Katy Certified Financial Planner - Retirement - Periodic Adjustments
Retirement planning doesn’t end once you retire. Like any financial plan, it requires periodic adjusting.
Two of the first and most important decisions are how much to withdraw annually from your nest egg, and what accounts to withdraw from.
Much research in recent years has concluded that withdrawals should be more conservative than once thought. As a general rule, we recommend withdrawal rates no higher than four or five percent, adjusted for inflation, in order to ensure that you don’t run out of money due to periodic market declines.
Retirees who withdraw at higher rates should be prepared to immediately cut back should their accounts suffer from a significant market downturn, or should their personal circumstances change for the worse.
From which accounts?
The general advice is to first withdraw from taxable investments in order to allow tax deferred retirement assets to continue to grow. But this approach isn’t always appropriate. For example, if your taxable investments are mostly bonds and your tax-deferred accounts mostly stock, withdrawing only the bonds first would make your overall portfolio riskier by becoming stock heavy.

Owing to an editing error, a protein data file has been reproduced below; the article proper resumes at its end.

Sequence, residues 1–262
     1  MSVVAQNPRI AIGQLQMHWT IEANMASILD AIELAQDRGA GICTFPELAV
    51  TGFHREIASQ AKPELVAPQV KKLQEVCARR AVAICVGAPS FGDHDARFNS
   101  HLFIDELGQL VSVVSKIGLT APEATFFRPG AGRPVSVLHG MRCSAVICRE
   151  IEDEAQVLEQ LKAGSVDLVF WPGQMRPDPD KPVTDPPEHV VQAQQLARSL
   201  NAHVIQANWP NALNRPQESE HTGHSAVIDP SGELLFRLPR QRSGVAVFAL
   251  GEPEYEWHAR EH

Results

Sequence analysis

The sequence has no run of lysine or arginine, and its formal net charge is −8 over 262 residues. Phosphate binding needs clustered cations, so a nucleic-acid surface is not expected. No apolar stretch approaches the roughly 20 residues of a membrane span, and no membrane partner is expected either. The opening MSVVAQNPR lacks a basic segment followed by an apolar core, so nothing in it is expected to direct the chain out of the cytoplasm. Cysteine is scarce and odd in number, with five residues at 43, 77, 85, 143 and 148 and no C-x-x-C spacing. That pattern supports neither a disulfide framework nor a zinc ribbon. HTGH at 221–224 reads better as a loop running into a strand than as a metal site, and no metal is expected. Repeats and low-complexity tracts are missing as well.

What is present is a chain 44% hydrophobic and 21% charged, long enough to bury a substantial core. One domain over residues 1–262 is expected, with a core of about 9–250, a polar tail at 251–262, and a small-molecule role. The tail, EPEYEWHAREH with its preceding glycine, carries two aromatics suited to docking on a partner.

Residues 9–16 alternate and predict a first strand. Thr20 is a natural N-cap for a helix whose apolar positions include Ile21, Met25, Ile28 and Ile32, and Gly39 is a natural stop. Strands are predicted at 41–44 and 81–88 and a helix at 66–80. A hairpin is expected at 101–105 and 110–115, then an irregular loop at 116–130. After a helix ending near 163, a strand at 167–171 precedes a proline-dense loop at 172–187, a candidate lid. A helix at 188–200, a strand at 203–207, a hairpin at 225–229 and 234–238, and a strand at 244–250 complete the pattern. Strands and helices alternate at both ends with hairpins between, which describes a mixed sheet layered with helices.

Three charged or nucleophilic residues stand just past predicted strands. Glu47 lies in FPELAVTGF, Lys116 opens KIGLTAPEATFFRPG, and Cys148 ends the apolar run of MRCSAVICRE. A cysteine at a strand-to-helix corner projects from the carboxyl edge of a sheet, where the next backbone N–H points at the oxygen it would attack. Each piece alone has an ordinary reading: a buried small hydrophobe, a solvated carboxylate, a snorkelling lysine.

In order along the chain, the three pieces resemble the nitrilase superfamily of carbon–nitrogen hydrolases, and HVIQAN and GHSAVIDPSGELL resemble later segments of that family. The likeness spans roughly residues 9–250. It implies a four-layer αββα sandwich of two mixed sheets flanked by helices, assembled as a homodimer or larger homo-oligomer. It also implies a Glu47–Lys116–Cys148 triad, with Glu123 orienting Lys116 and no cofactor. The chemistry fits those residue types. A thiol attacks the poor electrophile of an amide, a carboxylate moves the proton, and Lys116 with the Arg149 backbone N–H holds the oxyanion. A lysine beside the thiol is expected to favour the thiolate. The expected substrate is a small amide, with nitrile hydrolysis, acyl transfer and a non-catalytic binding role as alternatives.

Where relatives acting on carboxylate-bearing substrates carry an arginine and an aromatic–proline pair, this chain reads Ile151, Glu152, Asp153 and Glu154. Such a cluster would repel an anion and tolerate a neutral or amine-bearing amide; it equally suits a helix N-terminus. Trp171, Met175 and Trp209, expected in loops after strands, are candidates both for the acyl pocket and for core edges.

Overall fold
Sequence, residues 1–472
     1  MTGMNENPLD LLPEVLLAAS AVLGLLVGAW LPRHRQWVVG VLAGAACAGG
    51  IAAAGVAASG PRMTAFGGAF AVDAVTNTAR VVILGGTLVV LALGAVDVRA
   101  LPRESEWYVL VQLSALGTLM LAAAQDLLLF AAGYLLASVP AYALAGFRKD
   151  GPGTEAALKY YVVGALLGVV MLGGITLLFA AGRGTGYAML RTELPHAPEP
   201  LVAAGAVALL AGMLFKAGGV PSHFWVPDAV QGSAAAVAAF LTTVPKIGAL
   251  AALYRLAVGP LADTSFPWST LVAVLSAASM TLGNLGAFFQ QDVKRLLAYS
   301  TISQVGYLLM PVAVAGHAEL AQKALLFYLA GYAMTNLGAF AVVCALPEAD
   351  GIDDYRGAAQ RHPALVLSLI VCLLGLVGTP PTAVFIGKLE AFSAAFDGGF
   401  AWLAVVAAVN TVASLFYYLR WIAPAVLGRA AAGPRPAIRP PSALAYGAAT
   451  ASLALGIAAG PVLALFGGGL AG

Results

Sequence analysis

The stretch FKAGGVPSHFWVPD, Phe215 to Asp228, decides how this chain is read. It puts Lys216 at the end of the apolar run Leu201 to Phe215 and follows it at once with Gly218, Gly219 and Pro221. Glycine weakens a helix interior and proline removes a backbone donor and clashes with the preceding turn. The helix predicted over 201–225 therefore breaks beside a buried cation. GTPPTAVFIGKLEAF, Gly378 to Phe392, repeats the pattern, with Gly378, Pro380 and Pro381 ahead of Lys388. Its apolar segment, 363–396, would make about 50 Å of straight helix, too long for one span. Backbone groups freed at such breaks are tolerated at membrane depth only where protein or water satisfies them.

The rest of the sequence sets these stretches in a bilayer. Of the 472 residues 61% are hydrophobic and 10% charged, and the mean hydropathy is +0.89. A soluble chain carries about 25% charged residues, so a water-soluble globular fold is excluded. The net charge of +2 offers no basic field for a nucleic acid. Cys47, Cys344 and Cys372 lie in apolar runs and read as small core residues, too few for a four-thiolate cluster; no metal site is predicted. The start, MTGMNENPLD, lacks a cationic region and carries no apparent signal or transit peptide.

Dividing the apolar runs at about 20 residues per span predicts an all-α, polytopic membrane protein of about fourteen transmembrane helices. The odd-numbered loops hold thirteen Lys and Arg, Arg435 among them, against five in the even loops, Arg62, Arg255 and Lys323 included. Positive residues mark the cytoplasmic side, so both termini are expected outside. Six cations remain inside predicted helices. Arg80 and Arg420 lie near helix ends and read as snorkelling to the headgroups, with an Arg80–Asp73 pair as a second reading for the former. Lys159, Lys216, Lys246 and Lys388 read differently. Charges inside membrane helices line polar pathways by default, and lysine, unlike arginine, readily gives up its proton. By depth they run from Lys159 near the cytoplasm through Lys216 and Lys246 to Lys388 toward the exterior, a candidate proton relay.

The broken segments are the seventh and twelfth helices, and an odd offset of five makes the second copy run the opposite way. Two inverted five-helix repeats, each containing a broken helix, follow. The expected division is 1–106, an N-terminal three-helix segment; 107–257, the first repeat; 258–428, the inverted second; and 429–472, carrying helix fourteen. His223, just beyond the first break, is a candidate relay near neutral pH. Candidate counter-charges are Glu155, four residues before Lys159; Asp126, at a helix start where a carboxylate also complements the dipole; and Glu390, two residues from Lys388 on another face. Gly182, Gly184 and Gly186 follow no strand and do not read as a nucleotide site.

Once you reach 70 1/2, your choices are further limited because you’re required to start minimum distributions from your IRAs and retirement plans (except for a plan run by an employer you still work for).
What should you be invested in? You’ll probably want to be more conservative than before retirement. Yet that doesn’t necessarily mean abandoning stocks. With potentially 20 or more years in retirement, inflation can eat away at lower-returning assets.
As a general rule, we often recommend that the portfolio hold at least two to three years of living expenses in cash and bonds that can see you through a stock market decline. Beyond that, there is no magic allocation of stocks/bonds/cash or other assets. Much depends on your other sources of income, risk tolerance, age, living expenses and financial goals such as leaving money to children.
Besides adjusting your investments during retirement, you may need or want to adjust your lifestyle. Is retirement turning out as you envisioned? Did that “practice” for retirement pay off?
It’s common today for retirees to return to work—not always out of financial necessity but for something stimulating to do. Playing golf every day or traveling all the time can get boring for some. Besides work, you may want to consider going back to school or doing volunteer work. Keeping mentally, physically and socially active is key to enjoying this stage of retirement, say experts.
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